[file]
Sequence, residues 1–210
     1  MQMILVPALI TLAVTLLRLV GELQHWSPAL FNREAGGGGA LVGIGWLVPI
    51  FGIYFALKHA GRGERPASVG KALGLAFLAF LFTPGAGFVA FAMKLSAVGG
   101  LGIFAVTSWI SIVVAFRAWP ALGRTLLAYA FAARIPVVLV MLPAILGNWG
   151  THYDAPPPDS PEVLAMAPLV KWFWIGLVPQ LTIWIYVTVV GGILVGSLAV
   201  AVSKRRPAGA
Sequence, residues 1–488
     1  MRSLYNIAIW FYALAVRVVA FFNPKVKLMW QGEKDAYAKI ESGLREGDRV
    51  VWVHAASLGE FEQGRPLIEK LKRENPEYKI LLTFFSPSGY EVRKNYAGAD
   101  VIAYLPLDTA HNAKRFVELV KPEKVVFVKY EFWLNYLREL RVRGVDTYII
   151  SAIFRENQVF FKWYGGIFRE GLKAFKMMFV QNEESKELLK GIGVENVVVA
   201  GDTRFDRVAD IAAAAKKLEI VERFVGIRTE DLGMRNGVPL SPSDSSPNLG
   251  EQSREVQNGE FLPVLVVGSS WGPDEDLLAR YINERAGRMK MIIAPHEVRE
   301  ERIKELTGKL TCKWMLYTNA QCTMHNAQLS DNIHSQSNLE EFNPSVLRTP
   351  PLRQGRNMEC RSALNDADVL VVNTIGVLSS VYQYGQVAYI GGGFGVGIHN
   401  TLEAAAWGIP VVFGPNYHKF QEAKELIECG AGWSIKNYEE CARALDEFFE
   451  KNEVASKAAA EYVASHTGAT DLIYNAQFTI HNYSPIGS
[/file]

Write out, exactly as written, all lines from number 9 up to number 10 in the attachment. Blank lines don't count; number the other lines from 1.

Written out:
    51  VWVHAASLGE FEQGRPLIEK LKRENPEYKI LLTFFSPSGY EVRKNYAGAD
   101  VIAYLPLDTA HNAKRFVELV KPEKVVFVKY EFWLNYLREL RVRGVDTYII